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Clinical and Research News
Teens' Ethnicity Could Hone Substance-Use Interventions
Psychiatric News
Volume 45 Number 20 page 22-28

Newly identified links between adolescent substance use and factors in their ethnic backgrounds may provide valuable tools that if incorporated into prevention programs could help youngsters avoid substance abuse problems.

Previous research has identified significant racial and ethnic differences in adolescents' use of cigarettes, alcohol, and marijuana. A new study examined whether specific outside factors were more likely to influence substance use problems for youth from certain ethnic backgrounds.

As it turns out, not only are adolescents from some ethnic groups more likely to use certain substances, but that use may be mitigated by environmental influences from family members, schools, and the teens' individual outlooks, according to a study funded by the Rand Corporation and published in the September Journal of Studies on Alcohol and Drugs.

Regina Shih, Ph.D., an associate behavioral and social scientist at Rand, and her colleagues surveyed an ethnically diverse group of about 5,500 seventh and eighth graders in 16 Southern California middle schools about their alcohol, tobacco, and marijuana use and evaluated the extent to which individual, family, and school factors affected the various racial and ethnic differences in use of the substances. Researchers obtained parental consent for the students who were included in the survey. Spanish-speaking staff were available at each survey administration, and survey booklets were available in Spanish and Korean.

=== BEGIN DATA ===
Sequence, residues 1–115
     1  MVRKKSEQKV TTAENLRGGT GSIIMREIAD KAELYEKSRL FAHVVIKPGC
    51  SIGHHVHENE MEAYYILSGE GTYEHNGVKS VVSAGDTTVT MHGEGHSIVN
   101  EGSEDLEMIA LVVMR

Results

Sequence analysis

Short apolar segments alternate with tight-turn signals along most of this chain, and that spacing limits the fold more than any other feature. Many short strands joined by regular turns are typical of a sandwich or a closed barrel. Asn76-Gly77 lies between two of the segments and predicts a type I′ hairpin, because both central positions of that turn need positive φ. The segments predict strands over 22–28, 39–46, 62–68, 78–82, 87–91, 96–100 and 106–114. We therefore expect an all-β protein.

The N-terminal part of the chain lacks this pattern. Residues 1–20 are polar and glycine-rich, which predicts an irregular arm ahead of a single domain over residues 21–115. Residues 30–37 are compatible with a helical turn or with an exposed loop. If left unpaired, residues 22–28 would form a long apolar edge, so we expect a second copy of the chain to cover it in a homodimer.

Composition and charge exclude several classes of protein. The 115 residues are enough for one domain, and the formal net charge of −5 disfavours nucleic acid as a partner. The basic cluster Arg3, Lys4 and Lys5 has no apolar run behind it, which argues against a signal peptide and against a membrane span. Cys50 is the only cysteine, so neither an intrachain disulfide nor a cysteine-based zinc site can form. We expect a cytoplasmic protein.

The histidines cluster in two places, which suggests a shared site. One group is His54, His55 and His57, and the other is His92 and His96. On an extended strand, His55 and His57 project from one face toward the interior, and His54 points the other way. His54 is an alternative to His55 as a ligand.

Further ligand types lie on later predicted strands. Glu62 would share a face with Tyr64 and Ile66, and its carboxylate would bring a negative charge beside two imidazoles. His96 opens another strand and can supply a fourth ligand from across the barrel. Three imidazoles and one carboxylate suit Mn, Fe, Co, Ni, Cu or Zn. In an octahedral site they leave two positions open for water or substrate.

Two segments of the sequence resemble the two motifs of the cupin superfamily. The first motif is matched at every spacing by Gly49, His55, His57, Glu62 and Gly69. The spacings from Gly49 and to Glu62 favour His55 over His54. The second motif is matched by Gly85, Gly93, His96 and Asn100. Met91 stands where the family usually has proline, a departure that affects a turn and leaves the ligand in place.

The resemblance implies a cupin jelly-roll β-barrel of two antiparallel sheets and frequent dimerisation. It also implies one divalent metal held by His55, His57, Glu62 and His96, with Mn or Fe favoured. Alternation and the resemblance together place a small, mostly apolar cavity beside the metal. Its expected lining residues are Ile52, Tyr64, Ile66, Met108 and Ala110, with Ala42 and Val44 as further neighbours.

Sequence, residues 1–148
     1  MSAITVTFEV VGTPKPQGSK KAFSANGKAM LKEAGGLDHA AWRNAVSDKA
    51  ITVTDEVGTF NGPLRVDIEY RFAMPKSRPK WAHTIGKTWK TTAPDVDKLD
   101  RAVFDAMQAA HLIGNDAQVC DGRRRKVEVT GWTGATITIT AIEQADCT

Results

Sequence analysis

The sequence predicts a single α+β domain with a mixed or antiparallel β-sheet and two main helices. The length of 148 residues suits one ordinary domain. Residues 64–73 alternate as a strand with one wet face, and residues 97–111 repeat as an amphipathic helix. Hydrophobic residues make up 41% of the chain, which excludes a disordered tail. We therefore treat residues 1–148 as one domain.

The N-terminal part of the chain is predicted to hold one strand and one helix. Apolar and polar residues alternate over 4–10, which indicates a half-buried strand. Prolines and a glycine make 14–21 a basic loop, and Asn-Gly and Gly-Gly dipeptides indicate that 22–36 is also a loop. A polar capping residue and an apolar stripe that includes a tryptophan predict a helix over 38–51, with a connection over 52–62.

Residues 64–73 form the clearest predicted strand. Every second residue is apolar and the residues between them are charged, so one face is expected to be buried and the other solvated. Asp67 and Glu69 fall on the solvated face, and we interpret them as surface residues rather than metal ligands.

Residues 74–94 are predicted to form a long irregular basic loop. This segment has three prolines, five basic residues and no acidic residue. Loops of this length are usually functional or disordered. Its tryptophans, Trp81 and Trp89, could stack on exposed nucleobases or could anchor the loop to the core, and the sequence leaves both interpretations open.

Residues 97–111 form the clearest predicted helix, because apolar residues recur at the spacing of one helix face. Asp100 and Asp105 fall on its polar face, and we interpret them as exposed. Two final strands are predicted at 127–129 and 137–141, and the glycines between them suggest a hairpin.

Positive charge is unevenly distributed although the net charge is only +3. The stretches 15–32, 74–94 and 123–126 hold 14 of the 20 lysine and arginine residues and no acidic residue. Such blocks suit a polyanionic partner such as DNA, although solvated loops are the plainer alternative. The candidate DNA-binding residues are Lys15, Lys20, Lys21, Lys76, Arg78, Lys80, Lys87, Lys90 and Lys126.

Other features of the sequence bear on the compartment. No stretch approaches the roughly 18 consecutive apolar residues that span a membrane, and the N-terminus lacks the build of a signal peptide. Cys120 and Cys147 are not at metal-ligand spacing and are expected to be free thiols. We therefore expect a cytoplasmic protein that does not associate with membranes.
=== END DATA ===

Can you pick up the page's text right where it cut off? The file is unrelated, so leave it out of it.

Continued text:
Overall, the survey respondents had rates of lifetime and past-month substance use that were comparable to those found by previous national surveys. For example, 29.2 percent of eighth graders surveyed reported alcohol use at some point in their lives, compared with the 28.8 percent lifetime alcohol use found among eighth graders nationally by the 2007 National Survey on Drug Use and Health administered by the Substance Abuse and Mental Health Services Administration.

The study found that after adjusting for gender, grade, and family structure, however, Hispanics reported higher and Asians reported lower lifetime and past-month use of the three substances about which the researchers asked, compared with non-Hispanic Caucasians. Rates of substance use did not differ between non-Hispanic African Americans and Caucasians.

Specific factors were associated with lower likelihood of substance use among different ethnic groups of adolescents, including Hispanic youth's lower reported ability to resist peer pressure and less fear that substance use is accompanied by unwanted consequences. In contrast, substance use by Hispanic youth was much less affected by family or school factors than was the case among other ethnic groups surveyed.

A different array of factors affected substance use by Asian children. They were much less likely to use alcohol if they had certain perspectives that the researchers asked about. For example, if they confirmed that they had strong respect for their parents and if they did not witness heavy alcohol use by parents or any alcohol use by older siblings, then the respondents were less likely to use alcohol.

Asian survey respondents' perceptions that their peers and others at their school drank alcohol correlated with a higher likelihood that they would drink.